Self Esteem and Humility ­ Article ­ BINA

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Self Esteem and Humility

Self Esteem and Humility

by Rabbi Michoel Gourarie

Self Esteem is one of the buzz words of modern society. We are taught that a healthy self image is crucial for human development and the foundation of healthy relationships. Jewish teaching on the other hand emphasises humility.  The Talmud teaches that G-d will not connect with someone who is haughty and arrogant. Can humility and self esteem co exist?

Humility and self esteem are concepts that are often misunderstood. It is important to understand the proper definition of these ideas:

Humility

Humility is not about feeling small or inferior to others. Moses was the most humble of all men, yet he was the greatest prophet - a fact that he was aware of, and one that he himself was instructed to record in the Torah. True humility means to be fully aware of one's strengths, abilities and talents, while at the same time not to feel superior to others. To be humble means to recognise that strengths or aptitude are G-d given. We have a responsibility to utilise them appropriately to their fullest potential, but they don't make us better than other people. The humble person truly respects and makes space for others, whoever they may be.

Self Esteem

Self esteem is not a feeling of greatness or perfection. True self esteem is about feeling comfortable and secure with ourselves. It is about accepting ourselves totally with all of our strengths and weaknesses and committing to nurture those strengths and improve on the weaknesses.

People who are insecure with their own identity will do one of two things. Either they will withdraw from others with an intense feeling of inferiority (false humility). Or they might invest tremendous effort to protect themselves with a false feeling of superiority and arrogance. These are the people that need to prove themselves constantly, by showing off there achievements and denying any shortcomings. These are the people who are always talking, giving little room for others. They feel threatened and are always on the defensive.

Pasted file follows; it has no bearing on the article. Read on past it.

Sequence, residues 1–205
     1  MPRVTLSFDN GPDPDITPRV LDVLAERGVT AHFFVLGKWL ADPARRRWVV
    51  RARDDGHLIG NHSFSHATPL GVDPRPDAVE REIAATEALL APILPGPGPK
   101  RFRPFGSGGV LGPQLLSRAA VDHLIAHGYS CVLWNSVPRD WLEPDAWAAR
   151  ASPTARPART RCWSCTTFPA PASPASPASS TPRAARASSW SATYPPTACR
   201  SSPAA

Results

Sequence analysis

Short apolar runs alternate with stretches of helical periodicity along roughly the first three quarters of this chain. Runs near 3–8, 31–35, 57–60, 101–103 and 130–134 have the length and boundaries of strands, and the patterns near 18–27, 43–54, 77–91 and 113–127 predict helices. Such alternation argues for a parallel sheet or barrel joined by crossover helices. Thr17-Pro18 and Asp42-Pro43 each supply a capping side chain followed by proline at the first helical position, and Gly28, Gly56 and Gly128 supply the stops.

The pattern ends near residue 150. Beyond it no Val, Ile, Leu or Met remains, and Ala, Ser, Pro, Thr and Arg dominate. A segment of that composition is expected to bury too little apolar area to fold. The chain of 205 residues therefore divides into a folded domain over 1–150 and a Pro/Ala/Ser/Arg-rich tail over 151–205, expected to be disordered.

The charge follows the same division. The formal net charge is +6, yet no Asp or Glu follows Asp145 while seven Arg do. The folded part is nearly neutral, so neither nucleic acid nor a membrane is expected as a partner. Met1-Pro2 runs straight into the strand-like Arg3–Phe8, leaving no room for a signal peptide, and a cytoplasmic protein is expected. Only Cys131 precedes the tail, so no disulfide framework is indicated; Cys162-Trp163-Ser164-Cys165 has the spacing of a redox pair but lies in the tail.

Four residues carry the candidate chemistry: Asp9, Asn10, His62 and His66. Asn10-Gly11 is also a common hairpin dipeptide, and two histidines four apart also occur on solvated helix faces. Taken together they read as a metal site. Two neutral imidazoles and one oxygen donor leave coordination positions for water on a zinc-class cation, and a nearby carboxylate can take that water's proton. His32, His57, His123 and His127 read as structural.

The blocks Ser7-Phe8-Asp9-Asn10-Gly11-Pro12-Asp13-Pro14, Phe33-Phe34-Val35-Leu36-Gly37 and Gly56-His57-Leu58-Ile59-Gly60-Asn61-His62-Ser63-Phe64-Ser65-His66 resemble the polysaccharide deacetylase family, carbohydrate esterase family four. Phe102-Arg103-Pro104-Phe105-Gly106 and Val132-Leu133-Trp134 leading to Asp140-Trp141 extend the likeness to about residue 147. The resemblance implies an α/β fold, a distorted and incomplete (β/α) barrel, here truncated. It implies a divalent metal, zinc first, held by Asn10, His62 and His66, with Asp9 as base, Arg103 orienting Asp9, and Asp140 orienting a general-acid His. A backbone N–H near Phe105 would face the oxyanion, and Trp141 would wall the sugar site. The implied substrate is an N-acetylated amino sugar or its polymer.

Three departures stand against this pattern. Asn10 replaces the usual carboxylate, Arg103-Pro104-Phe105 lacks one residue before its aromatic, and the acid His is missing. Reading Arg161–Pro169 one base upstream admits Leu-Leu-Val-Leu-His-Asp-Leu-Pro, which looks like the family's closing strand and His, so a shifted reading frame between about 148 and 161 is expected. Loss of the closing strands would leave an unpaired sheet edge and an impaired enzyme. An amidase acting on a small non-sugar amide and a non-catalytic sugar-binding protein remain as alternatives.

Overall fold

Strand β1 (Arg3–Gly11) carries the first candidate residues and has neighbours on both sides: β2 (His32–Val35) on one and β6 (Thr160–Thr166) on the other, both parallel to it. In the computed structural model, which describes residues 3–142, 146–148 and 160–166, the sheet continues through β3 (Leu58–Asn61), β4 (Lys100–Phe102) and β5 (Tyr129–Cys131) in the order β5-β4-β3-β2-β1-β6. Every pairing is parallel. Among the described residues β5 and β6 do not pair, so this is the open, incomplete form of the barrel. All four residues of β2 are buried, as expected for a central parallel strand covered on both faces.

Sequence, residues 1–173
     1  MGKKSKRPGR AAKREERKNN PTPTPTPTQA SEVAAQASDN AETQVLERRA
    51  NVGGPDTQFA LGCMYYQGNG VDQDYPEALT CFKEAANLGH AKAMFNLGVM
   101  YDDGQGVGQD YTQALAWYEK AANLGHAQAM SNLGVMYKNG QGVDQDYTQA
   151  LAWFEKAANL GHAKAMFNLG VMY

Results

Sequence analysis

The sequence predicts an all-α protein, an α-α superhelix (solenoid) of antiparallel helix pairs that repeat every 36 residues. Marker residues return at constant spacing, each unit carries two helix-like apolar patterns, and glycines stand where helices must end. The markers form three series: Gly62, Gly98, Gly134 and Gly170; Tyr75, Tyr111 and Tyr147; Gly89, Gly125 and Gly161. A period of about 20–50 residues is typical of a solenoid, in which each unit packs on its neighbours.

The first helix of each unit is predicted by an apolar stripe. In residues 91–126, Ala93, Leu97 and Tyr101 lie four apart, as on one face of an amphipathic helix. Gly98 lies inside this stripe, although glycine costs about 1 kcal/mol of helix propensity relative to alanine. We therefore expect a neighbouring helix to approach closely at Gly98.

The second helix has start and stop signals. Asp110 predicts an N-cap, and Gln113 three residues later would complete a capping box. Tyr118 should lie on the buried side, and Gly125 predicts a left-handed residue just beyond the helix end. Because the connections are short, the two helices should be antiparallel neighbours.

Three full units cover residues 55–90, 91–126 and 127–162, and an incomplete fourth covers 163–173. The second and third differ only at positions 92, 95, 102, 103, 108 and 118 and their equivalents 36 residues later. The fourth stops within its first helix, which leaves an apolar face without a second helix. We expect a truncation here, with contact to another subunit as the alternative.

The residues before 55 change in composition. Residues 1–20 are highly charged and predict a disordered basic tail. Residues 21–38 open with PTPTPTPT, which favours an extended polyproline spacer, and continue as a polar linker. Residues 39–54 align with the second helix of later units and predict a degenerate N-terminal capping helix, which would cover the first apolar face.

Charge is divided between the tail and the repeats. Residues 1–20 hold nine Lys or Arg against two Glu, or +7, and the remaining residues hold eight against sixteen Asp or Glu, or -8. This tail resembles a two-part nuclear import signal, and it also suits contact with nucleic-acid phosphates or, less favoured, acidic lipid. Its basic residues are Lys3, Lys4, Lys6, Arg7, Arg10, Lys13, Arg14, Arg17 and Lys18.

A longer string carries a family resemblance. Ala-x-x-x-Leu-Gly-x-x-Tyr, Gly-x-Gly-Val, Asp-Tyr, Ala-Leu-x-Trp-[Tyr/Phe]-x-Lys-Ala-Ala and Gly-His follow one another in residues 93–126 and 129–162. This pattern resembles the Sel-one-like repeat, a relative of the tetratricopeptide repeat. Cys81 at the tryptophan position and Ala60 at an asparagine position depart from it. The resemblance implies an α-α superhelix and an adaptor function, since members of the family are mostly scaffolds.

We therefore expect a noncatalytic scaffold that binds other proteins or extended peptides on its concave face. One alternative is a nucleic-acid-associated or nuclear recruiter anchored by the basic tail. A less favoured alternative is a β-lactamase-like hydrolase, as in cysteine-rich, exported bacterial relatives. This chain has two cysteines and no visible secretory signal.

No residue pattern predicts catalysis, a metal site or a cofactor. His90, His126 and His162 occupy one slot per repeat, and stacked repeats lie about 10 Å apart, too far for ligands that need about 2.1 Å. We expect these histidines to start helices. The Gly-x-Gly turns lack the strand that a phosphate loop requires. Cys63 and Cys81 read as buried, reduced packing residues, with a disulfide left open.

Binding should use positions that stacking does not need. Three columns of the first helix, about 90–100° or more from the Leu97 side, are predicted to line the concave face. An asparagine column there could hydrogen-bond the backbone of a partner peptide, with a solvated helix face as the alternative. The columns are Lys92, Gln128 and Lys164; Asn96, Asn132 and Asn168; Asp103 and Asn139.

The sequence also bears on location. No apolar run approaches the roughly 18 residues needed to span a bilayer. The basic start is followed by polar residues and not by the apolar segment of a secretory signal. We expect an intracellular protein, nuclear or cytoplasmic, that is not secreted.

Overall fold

False humility (the inferiority complex) and an inflated ego and arrogance (superiority complex) both come from the lack of self esteem - a feeling of discomfort and insecurity with one self.

True humility can only exist with a healthy self esteem and self image.  You can only make space for others and respect them, if you are totally comfortable with yourself.

Iakovos March 15, 2012 at 11:26 pm #

Humility

There is a missing element from this. Humility agreed is not about feeling smaller of inferior, and is about being fully aware of one's strengths, abilities and talents without feeling superior to others, but I would have thought that humility also embraces ones ability to set aside ones ego. That is, not just to make space for others, but to also assist them to be all that they can be, through strengthening them in their moment when they enter that space you left.

Rabbi Gourarie March 16, 2012 at 1:09 am #

Great comment
Sure once you leave space (which requires setting aside ego)
the natural progression is to assist he who has entered that space
thanks for claryfying
Rabbi Michoel Gourarie

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